Cats are not only the most favorite subjects of the legends of the past, but the digital flood of images of the 21st century, too. In Capa Center’s 8F Gallery, we can explore the secrets of the popularity of the animals living with us but forever remaining a mystery as well as that of the relationships between cat and human through the cat photos and personal stories of nine contemporary Hungarian artists. The exhibition is open to visitors for free between July 15 and August 30.
If we had to illustrate the essence of the 21st-century billow of digital images undulating through the channels of the internet, we would most probably go with a kitten photo. Even though dog persons has been disputing this unto this day, the unofficial mascots of the internet are the mysterious, free-spirited and fluffy cats. In addition to the obvious beauty and cuteness of the animal, it earned its immeasurable popularity in contemporary visual culture with such features as its human facial expression, astonishing intelligence, unaffected humor, endless unpredictability and aristocratic nature. The layers of meaning related to cats have been piling up on each other since their domestication. Even though taming cats lasted for a legendarily long time, during the several thousand years that have passed since then, cats have become a complex animal symbol as the companion of man: the animal of the night and an esoteric knowledge; the epitome of acumen; the symbol of femininity; and the icon of lust. The clarity and popularity of the “cat photo” genre derives from all this.
The MEOW! exhibition features a tiny segment of the world’s ever-expanding archive of kitten images. The collection of photos from nine contemporary Hungarian artists (photojournalists, photographers, artists) are accompanied by their short personal anecdotes about feline-human and human-human relations, aspects of image theory, sociological observations, superstitions, obsessions, eyes, and whiskers.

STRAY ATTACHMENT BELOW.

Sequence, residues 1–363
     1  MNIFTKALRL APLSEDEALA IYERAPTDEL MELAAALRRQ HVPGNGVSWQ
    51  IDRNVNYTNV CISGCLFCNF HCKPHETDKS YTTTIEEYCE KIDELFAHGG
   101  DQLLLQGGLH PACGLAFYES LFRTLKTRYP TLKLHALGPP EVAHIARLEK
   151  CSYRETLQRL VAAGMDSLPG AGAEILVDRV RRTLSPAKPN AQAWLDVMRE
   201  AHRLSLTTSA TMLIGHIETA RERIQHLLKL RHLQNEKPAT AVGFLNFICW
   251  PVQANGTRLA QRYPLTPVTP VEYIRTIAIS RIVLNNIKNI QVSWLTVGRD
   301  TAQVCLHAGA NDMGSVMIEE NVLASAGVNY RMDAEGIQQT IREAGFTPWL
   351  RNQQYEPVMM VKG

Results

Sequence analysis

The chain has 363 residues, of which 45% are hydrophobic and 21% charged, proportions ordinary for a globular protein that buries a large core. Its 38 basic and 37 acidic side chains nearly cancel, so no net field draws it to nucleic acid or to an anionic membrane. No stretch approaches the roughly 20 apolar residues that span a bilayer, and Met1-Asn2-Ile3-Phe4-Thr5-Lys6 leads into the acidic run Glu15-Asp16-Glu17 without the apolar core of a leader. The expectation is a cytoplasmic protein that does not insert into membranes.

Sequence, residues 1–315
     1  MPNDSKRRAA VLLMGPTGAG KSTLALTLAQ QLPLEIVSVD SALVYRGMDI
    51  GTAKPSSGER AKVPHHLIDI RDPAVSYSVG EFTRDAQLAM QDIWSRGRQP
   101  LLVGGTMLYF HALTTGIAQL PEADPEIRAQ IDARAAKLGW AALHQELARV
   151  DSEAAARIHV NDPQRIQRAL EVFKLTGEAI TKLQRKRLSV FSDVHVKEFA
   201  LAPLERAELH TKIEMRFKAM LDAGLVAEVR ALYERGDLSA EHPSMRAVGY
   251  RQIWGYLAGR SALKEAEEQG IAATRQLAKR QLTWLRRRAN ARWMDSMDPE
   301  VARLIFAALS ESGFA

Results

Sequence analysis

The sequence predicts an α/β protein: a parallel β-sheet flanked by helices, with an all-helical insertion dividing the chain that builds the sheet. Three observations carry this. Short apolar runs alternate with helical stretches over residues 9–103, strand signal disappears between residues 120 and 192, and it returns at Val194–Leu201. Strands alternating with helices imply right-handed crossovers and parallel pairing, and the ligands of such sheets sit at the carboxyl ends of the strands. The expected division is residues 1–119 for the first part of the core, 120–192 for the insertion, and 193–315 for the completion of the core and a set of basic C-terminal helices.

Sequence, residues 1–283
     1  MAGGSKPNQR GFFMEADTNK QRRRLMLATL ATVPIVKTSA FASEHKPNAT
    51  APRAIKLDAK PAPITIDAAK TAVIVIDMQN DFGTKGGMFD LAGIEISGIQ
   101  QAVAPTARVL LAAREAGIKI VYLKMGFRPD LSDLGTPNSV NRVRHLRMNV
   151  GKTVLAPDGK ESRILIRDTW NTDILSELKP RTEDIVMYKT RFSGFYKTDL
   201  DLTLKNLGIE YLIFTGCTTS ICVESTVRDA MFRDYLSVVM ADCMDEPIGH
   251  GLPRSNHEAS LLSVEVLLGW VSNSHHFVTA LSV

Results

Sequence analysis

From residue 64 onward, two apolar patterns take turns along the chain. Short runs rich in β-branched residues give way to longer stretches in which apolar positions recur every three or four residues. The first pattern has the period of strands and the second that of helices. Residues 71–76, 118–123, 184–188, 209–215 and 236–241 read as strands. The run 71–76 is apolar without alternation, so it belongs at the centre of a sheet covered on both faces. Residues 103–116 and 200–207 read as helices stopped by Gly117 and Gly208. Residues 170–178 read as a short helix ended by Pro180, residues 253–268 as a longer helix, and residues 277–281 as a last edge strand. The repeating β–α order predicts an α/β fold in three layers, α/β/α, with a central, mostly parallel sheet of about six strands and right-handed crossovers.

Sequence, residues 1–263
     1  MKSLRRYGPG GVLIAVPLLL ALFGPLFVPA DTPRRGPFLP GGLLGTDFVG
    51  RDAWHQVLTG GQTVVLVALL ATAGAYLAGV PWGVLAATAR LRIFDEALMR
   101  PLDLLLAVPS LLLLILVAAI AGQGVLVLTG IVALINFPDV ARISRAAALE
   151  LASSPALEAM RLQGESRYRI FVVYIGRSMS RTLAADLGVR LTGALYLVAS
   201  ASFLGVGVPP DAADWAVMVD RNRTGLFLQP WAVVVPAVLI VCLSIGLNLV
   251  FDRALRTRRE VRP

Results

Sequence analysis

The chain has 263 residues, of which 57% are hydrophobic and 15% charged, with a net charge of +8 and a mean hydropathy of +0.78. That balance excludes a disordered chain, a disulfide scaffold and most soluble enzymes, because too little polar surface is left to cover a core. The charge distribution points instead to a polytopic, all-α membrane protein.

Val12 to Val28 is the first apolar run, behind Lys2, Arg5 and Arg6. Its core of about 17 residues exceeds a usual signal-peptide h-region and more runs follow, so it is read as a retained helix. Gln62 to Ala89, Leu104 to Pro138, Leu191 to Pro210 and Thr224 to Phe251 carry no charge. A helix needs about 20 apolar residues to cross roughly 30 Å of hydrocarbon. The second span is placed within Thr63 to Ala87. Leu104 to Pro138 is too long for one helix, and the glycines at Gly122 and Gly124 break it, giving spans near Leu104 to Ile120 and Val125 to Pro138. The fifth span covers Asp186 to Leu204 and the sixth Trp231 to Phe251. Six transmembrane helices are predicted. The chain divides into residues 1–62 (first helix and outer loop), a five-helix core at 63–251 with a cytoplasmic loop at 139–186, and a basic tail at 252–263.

The exhibition features a photo of Róbert Szabó Benke about his own cat. “A significant part of my works are quite personal, I mainly cover my important connections. The same applies to Dr. Miciváry Mici. It’s not ordinary how she took part in my life: she witnessed my relationship, then the end of it, later on she was given away, and we met again in 2018, and then the final goodbye… this is how I can summarize our story in the briefest way possible. Mici was the subject of several of my works during that time.”
In her series titled Practitioners, Éva Szombat presented people who take an active role in shaping their lives and do a lot for their happiness. “Some find fulfilment in keeping and adoring pets. This is why I went to a cat show in 2015 and photographed the proud and joyful cat owners with their slightly tense favorites” – reminisces Éva about the story of taking the photo.
As a documentarist photographer, András Hajdú D. simply “ran into” the scene displayed at the exhibition: “I was commissioned by the Hungarian Charity Service of the Order of Malta to create a multimedia project at the very poor settlement of György telep in Pécs when I saw this tiger carpet laid out on a dryer. My brain started to move and record: the tiger is a fantastic symbol, could allude to the father figure of the boys at the settlement or perhaps one of the animal print clothing pieces of the girls living there. On such occasions I usually register that I have an opportunity to play with the given sight and I wait to see if anything happens with it during the day. In this case, life produced a completely surreal scene, just like I anticipated it: a black cat appeared on the corner and simply walked to the carpet and looked up to the tiger as a role model. Everything got on one image, the background reveals the milieu perfectly, and the kitten symbolized the search of the boys at the settlement for a model to be followed.”
The diverse set of symbols and manifold faces of cats through the personal stories of nine artists until August 30 at Capa Center’s 8F Gallery.
Artists: András Bánkuti, Szabolcs Barakonyi, Andrea Gáldi Vinkó, Gábor Gerhes, András Hajdú D., Fanni Máli, Róbert Szabó Benke, Péter Szarka, Éva Szombat
Curated by: Emese Mucsi
Visiting is free of charge!
Source: press material